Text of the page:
Saturday, December 28, 2013

The Gorgeous Nothings

The Gorgeous Nothings: Emily Dickinson's Envelope PoemsThe Gorgeous Nothings: Emily Dickinson's Envelope Poems by Emily Dickinson

You will never be able to see how Vermeer painted a canvas, but if you open "The Gorgeous Nothings" you can catch a glimpse of Emily Dickinson's mind at work. I started thinking I would read one or two and found myself gobbling a dozen, then going back and looking again at the alternate words and phrases, as she worked out a line, tried out a different phrase. So small, intimate and personal. The difference between her printed works and these handwritten facsimiles is similar to the email and the handwritten note. Both get the job done, but the handwritten note conveys the person within its language. If you're skeptical, here's an example.

As old as Woe --
How old is that?
Some eighteen thousand years --
As old as Bliss
How old is that
They are of equal years

Together chiefest they are found
But seldom side by side
From neither of them tho' he try
Can Human nature hide


Now, take a look at the original at the Emily Dickson Archive.

Friday, December 20, 2013

Ultimate Peter Rabbit

Ultimate Peter RabbitUltimate Peter Rabbit by Camilla Hallinan
My rating: 4 of 5 stars

This is the kind of "picture book" that a grown-up can while away the hours with. Yes, I ended that sentence with a preposition. Too bad. The book is filled with photographs of Beatrix Potter and her family, as well as hundreds of drawings and sketches of Peter and his animal friends. The illustrations bring out the strong connection in Potter's work between the beauty and mystery of the natural world and the everyday, routine activities of life, with the occasional adventure thrown into the mix. It is a small sip of joy to look at the world through the eyes of such a unique artist and storyteller.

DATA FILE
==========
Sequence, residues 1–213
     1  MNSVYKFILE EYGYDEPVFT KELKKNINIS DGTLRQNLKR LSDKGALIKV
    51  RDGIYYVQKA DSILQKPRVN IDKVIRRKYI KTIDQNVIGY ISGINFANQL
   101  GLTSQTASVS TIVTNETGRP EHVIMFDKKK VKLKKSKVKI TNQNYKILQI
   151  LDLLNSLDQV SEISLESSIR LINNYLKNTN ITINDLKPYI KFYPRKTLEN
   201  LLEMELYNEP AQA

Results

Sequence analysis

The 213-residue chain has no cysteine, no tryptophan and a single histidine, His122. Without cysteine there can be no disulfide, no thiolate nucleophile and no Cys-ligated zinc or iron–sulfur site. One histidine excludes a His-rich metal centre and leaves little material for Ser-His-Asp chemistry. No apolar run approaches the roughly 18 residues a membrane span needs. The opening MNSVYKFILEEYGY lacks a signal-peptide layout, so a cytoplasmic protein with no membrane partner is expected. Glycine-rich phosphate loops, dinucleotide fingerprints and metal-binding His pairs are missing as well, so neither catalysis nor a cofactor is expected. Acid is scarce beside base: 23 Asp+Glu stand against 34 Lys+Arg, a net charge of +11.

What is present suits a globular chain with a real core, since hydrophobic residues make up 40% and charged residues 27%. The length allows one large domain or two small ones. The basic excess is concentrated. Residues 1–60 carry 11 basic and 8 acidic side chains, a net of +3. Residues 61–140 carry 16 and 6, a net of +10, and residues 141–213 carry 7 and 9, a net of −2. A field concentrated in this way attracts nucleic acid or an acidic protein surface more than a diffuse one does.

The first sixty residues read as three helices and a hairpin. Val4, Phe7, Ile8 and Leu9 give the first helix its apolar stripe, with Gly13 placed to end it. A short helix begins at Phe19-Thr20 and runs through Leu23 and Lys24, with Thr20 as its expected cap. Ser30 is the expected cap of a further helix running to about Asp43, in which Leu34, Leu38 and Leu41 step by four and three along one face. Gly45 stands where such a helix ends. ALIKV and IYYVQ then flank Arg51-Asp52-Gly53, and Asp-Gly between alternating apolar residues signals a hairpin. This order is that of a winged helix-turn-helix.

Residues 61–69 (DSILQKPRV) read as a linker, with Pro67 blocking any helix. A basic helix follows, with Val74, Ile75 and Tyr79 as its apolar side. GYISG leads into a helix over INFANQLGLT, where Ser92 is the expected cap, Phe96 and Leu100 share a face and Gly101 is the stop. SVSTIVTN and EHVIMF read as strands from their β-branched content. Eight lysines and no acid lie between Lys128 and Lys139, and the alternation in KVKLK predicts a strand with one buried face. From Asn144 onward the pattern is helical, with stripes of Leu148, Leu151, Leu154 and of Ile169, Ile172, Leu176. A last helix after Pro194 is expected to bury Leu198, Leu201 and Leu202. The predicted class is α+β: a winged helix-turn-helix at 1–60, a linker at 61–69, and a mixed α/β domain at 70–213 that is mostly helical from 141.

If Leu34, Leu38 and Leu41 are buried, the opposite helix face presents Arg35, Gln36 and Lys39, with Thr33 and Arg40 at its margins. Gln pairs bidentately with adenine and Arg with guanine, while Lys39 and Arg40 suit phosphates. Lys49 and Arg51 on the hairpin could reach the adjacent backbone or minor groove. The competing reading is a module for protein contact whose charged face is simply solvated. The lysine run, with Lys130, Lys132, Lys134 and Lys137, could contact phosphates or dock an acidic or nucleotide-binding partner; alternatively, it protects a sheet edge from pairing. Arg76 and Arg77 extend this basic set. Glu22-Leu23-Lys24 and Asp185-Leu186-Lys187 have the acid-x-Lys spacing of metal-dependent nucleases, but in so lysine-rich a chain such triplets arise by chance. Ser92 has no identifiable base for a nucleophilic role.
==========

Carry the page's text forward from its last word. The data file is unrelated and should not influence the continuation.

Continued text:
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Sunday, December 15, 2013

Sweet Revenge

Sweet Revenge (A Lady Arianna Regency Mystery, #1)Sweet Revenge by Andrea Penrose
My rating: 3 of 5 stars

This was an easy, enjoyable read. It reminded me a bit of the Lauren Willig "Pink Carnation" series and the Tasha Alexander "Lady Emily" mysteries, as a few other reviewers mentioned. The strongest points were the plotting and pace. The research needed to create a plausible financial scheme in the Napoleonic era separates this from fluffier historical fiction. The heroine was no-nonsense and the hero was likeable and not perfect (which I find completely off-putting in a story). I wasn't terribly into the chocolate thing, but in general, I like characters who appreciate good food and drink, so it was OK by me.
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